Established in 1968 by Mrs. Coretta Scott King, The Martin Luther King, Jr. Center for Nonviolent Social Change (“The King Center”) has been a global destination, resource center and community institution for over a quarter century. Nearly a million people each year make pilgrimage to the National Historic Site to learn, be inspired and pay their respects to Dr. King’s legacy.
Both a traditional memorial and programmatic nonprofit, the King Center was envisioned by its founder to be “no dead monument, but a living memorial filled with all the vitality that was his, a center of human endeavor, committed to the causes for which he lived and died.” That vision was carried out through educational and community programs until Mrs. King’s retirement in the mid-1990’s, and today it’s being revitalized.
As we move into the second decade of the 21st century, the King Center is embarking on a major transformation into a more energetically-engaged educational and social chan
Many important Atlanta milestones are represented at Oakland Cemetery, from early builders, to Civil War soldiers, to leaders of industry, to Civil Rights pioneers, no matter where you turn, history surrounds you. It is a shining example of the “rural garden” cemetery movement of the 19th century. The garden cemetery featured winding paths, large shade trees, flowers, and shrubs, and appealing vistas. The garden cemetery concept was a precursor to public park development in America. Today, Oakland is still used as a park for the community and is a valued green space in Atlanta. It is also a repository for stunning art and architecture. Elaborate mausoleums, soaring sculptures and effusive inscriptions speak of an age when the bereaved found consolation in extravagant expression. Impressive art and architecture can be seen in many styles: Victorian, Greek Revival, Gothic, Neo-classical, Egyptian and Exotic Revival. Several mausoleums feature stained glass windows from Tiff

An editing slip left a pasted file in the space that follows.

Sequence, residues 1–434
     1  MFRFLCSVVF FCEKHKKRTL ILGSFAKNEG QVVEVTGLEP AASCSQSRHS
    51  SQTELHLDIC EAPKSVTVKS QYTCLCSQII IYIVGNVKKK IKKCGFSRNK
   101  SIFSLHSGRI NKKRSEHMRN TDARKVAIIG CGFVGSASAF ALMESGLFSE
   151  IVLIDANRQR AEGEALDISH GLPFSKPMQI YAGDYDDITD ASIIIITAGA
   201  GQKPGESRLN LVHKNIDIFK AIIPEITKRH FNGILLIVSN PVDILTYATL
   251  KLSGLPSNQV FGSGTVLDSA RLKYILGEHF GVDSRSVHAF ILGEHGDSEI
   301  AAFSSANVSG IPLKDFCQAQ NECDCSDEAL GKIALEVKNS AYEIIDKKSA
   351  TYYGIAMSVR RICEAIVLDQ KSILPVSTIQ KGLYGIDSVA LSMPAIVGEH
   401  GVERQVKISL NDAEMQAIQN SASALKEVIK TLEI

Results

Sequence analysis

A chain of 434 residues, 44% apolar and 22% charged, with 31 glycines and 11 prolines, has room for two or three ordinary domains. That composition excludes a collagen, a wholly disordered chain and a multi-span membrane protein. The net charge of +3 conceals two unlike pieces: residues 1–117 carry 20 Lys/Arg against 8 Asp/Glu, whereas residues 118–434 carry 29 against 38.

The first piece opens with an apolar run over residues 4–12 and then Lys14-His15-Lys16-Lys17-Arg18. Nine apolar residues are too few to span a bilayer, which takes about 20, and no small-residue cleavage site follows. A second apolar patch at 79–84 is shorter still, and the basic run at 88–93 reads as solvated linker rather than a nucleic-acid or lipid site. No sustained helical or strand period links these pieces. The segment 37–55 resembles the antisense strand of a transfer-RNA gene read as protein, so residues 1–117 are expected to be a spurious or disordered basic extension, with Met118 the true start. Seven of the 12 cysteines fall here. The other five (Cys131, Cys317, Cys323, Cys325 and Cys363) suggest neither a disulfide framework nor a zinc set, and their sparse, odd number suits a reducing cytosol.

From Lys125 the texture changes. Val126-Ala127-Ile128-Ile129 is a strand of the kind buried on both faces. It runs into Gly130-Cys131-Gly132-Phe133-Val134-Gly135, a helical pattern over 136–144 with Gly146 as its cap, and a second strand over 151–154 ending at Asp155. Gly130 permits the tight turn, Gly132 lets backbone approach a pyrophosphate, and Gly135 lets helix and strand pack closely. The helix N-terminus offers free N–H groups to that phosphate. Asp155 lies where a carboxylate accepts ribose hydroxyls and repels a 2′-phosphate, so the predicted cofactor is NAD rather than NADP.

Throughout its long history, Ebenezer Baptist Church, located in Atlanta, Georiga, has been a spiritual home to many citizens of the "Sweet Auburn" community. Its most famous member, Martin Luther King, Jr., was baptized as a child in the church. After giving a trial sermon to the congregation at Ebenezer at the age of 19 Martin was ordained as a minister. In 1960 Dr. King, Jr. became a co-pastor of Ebenezer with his father, "Daddy" King. He remained in that position until his death in 1968. As a final farewell to his spiritual home Dr. King, Jr.'s funeral was held in the church.
In 2000 a study of the church building resulted in "Ebenezer Baptist Church, Historic Structure Report" (File Size: 31.5 MB) being issued by the National Park Service. This reports serves as a guideline for the restoration of the church.
In 2001, thanks to a Save America's Treasures Grant and the contributions of many individuals and corporations, the National Park Service began the
The Atlanta History Center is a history museum located in the Buckhead district of Atlanta, Georgia. The Museum was founded in 1926, and currently consists of 12 exhibits. There are also historic gardens and houses located on the grounds, including the Swan House and Tullie Smith Farm. The Museum houses the Kenan Research Center, which includes 3.5 million resources and a reproduction of historian Franklin Garrett's (1906–2000) office. The Museum also has one of the largest collections of Civil War artifacts in the U.S.
There are six permanent exhibits.
The Centennial Olympic Museum is made up of two sections. One is the upper Sports Lab, accessible by elevator, in which one is able to test himself against the Olympic records. There is also the main area, in which there are artifacts from the Olympics, interactives, information, and films. One of the main attractions is the 12-part test, which allows one to test himself on his Olympic knowledge, and then posts a score.
Now a commercial center, Roswell Mill is the 1882 incarnation of a cotton mill in downtown Roswell, Georgia and serves as the parking area for Old Mill Park. The original Roswell Mill (1839) was located near the entrance to the covered bridge. The machine shop and blacksmith shop were nearby to power the mill using an "endless belt" system for power transmission from a nearby millpond on Vickery (Big) Creek, a tributary of the Chattahoochee River. Nearby housing, known as the Bricks, provided shelter for workers.
In 1853 a larger dam was constructed upstream, along with a new machine shop. Because the river valley was deeper, the machine shop took on a vertical orientation. When General William Tecumseh Sherman took the town during the Atlanta Campaign he ordered the workers removed to Marietta, Georgia, where they were removed to the Louisville Womens Prison, then under the command of Mary Edwards Walker. Walker turned the workers loose in Indiana and Ohio, once she felt they did n